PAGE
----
Love Food Hate Waste – Enhance the Tradition by Celebrating the Holidays without Food Waste

This year why not start a new tradition? Celebrate the season by ensuring none of the delicious food you take time to prepare goes uneaten. Here are some easy tips to make the most of your holiday feast, without eating turkey sandwiches every day for a month!

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The Christmas holiday season is a time for feasting – across cultures and around the globe. But, the best of intentions, coupled with our desire to ensure there’s enough for everyone, makes it easy to go overboard – ending up with a lot of food that never gets eaten. Did you know the average Metro Vancouver household throws out $700 worth of food annually? This time of year can be hard on the wallet as it is. Cooking food just to throw it away is not the way you want to finish up the year. 

Make Just Enough

Christmas 2015-LeftoversWhen you are cooking for a big group, it helps to know just how much food you have to prepare. The Love Food Hate Waste portion planner at can help. Simply enter the number of people for whom you’re cooking and the portion planner will calculate the quantities of ingredients such as poultry, vegetables, and grains, to ensure you don’t cook too much. You may still have some leftovers, so don’t forget to ask your guests to bring a reusable container. You can send them home with the excess, so you aren’t risking throwing away perfectly good food because you forgot to eat it in time.

Have A Plan

Create your dinner menu with the days ahead in mind. How will you be using what doesn’t get eaten on the big day? A little creativity, coupled with a bit of planning, can eliminate the likelihood you’ll have to throw out uneaten food. Did you know mashed potatoes will keep for up to 2 months in the freezer? Check out the Freezer Guide at for more advice on how to ensure any leftovers you have at the end of the night can be saved for a later date.

The Love Food Hate Waste website has lots of poultry recipes to help you use up leftover turkey.

The Love Food Hate Waste website has lots of poultry recipes to help you use up leftover turkey.

Don’t forget, we haven’t always had the easy access to food we enjoy today, so people around the world have been finding solutions to leftovers for centuries. Traditional ‘use-up-what’s-left recipes’ include stir-fries, curries, pot pies, jambalaya, paella, and many more. You can find more suggestions for leftovers in the ‘Ideas’ section of our website:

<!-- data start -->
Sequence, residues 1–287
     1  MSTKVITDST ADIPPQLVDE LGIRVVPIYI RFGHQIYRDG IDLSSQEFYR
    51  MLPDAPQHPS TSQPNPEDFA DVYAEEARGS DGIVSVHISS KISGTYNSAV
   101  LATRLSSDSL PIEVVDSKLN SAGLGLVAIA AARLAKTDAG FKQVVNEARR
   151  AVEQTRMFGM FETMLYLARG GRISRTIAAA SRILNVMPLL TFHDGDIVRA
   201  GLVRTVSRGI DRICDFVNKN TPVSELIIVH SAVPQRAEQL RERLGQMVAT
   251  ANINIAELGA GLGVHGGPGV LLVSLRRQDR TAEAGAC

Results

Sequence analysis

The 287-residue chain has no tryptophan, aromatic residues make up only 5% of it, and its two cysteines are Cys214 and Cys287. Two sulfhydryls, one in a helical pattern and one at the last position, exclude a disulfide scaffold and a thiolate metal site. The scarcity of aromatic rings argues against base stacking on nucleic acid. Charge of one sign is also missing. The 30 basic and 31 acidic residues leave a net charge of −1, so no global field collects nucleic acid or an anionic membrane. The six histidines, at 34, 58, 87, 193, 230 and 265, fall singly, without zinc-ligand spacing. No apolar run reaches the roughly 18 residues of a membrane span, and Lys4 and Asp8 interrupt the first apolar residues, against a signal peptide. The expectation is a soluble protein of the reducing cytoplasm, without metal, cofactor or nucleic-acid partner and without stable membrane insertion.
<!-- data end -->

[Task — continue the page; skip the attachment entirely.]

Use What You Have

Take a look in your cupboard, fridge and freezer before you head to the grocery store. A quick inventory before you shop is a great way to stretch your food budget – by ensuring nothing ends up unused because you’ve bought too much or doubled up on perishables. And you can repurpose some of the foods you probably already have. For example, if you start saving bread loaf ends now, you’ll have plenty to use as bread crumbs when it comes time to make stuffing. Leftover rice is another potential stuffing ingredient that can use up leftovers. Apples that have lost their crunch? Overripe bananas? Both are perfect ingredients for a delicious pie.

Embrace the Spirit of Giving

Part of the #nofoodwasted approach is recognizing how blessed we are when it comes to food. British Columbia’s climate and geography make it easy to access great food… for most people. Unfortunately, not every home has the luxury of preparing a Christmas dinner with all the trimmings. What better way to show your thanks for the food we eat than with a donation to your local food bank? They’ll accept commercially canned and non-perishable food items, but cash donations are even better, allowing them to use bulk purchasing power to maximize the good they can do. Please consider giving what you can, so that one and all can celebrate the holidays with a warm heart and a full belly.

Christmas comes but once a year, but reducing food waste is something we can share in every day. That’s why we also want to hear from you! Please share your #nofoodwasted ideas at and tell us what tips and techniques you’re using to reduce food waste and stretch your grocery budget.

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